About Summer

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Listening to your stories over a cup of tea, I’ve learned a thing or two.

 

I’ve learned that all of us are messy and broken and supremely beautiful. That’s my story too. I’ve lived most of my life thirsty for approval before finding the all-consuming, glorious love of God and learning to live looking into His eyes.

About me? Pump up the volume and I’m that car dancer in a minivan in front of you. I’m a word lover, a poet, and a church history nerd with three kids named after saints.  My husband and I got married as babies, 18 and 20, and then grew up together. I wouldn’t have wanted to miss any one of those years.

After I finished an English major at Asbury college, Andrew and I traveled to the Swiss L’Abri for a semester experiencing the hospitality of tutors who ministered to us and then fed us from their gardens. After Andrew’s B.A. in philosophy from Calvin College, we went to Virginia Theological Seminary together, graduated with an MDiv together, were ordained to the diaconate together, and then were ordained to the priesthood at the churches where we were serving. We spent ten years having kids and serving a small church together on the edge of Lake Michigan. Andrew now serves the Archbishop of the Anglican Church of North America as his Canon for Communications and Media Relations. I classically homeschool our three, do spiritual direction and lead an inner healing ministry at Holy Cross Cathedral. I write in the cracks and crevices of a full life.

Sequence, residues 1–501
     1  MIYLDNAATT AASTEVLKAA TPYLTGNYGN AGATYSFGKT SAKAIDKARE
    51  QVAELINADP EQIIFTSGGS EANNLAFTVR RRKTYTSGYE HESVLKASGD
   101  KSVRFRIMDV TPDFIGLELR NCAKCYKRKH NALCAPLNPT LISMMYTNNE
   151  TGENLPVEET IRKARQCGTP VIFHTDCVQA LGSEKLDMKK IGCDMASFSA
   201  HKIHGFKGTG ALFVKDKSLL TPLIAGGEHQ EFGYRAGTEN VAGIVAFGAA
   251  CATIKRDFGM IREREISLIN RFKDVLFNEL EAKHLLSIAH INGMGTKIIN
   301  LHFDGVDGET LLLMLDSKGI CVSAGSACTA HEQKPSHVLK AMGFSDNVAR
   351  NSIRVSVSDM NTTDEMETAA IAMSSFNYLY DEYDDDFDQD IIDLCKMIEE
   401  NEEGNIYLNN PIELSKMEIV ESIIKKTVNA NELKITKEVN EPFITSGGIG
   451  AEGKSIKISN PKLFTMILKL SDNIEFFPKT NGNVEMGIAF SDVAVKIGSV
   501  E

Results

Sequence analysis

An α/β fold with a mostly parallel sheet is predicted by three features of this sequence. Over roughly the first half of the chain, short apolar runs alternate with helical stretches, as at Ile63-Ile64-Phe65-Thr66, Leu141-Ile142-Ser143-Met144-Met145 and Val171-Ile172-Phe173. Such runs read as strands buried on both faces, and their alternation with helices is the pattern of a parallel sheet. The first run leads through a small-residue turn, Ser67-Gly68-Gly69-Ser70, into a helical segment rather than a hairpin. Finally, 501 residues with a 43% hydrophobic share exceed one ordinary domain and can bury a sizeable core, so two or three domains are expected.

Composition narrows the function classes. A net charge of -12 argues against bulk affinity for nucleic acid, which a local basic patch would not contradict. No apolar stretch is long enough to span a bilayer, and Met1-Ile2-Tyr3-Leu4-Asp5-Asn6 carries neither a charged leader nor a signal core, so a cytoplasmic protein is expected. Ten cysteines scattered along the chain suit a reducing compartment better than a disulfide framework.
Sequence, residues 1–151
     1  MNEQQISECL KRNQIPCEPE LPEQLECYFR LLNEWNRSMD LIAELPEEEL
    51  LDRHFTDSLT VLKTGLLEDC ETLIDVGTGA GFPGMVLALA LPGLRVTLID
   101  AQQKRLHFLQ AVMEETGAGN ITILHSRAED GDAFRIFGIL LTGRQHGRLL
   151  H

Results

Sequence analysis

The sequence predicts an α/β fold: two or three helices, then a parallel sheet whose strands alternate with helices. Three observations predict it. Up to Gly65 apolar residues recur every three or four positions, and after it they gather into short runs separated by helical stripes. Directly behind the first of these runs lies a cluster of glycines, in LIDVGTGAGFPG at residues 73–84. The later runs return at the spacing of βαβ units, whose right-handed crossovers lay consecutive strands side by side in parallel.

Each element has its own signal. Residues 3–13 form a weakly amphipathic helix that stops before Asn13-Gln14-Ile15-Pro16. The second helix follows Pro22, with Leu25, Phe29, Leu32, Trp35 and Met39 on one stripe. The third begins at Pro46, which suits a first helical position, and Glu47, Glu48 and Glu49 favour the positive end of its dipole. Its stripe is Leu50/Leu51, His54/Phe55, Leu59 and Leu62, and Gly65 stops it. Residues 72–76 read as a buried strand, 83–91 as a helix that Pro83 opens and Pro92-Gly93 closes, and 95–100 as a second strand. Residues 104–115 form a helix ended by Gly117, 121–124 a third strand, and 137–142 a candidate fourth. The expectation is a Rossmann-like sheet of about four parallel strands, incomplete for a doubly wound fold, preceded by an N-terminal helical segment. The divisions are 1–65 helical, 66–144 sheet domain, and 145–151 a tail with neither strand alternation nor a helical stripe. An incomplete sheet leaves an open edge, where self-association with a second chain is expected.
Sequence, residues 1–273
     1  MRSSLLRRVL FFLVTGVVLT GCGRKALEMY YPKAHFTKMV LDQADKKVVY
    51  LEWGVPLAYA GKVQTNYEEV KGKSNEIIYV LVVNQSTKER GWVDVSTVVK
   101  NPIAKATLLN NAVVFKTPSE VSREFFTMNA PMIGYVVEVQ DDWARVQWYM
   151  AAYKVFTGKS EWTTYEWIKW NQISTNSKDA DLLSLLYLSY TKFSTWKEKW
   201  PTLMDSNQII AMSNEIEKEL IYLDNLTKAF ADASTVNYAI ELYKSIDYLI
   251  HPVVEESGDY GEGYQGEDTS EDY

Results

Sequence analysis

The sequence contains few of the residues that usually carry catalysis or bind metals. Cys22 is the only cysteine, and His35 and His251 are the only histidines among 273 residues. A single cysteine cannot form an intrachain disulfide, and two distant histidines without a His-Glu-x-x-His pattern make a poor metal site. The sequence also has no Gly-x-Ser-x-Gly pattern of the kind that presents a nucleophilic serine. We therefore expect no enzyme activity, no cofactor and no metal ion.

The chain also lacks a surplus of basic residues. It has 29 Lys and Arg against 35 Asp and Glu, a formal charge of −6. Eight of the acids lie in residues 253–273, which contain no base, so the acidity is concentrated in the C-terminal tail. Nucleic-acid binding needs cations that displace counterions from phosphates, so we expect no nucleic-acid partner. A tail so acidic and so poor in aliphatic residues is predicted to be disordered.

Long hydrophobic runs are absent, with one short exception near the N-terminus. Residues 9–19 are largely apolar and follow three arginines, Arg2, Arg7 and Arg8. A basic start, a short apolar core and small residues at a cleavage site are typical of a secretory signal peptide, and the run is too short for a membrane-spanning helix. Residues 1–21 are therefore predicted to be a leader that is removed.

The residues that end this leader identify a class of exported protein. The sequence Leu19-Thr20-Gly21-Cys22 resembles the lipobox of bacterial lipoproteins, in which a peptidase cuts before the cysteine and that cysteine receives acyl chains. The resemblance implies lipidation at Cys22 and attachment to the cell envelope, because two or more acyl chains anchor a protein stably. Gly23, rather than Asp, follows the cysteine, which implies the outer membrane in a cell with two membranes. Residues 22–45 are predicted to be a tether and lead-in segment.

I believe the more rooted we are in God’s abundant love, the more we are able to serve with abandon.

I believe when we are living aware of God’s Presence, we are inviting Him into every room we walk in.

I believe the more healed we get, the more love we are able to give.

I believe that we’re all thirsty for God, our heart’s true home.

 

Kintsugi Pottery

by Summer Gross

In Japan,

when a pottery bowl shatters

it’s not meant to be swept up, scorned,

and carried out with the trash.

It’s gathered and cradled by the maker

who then creates poetry

from a hundred jagged pieces.

His base clay craft becomes radiant art,

with molten gold as glue.

Branching metallic capillaries

are sealed tight to once more carry water or broth,

this time fit for an emperor.

It is shimmering beauty;

scars turned to glory.

And brokenness then feeds

a more luminous self

as strength weaves through

in veins of pure gold.

 

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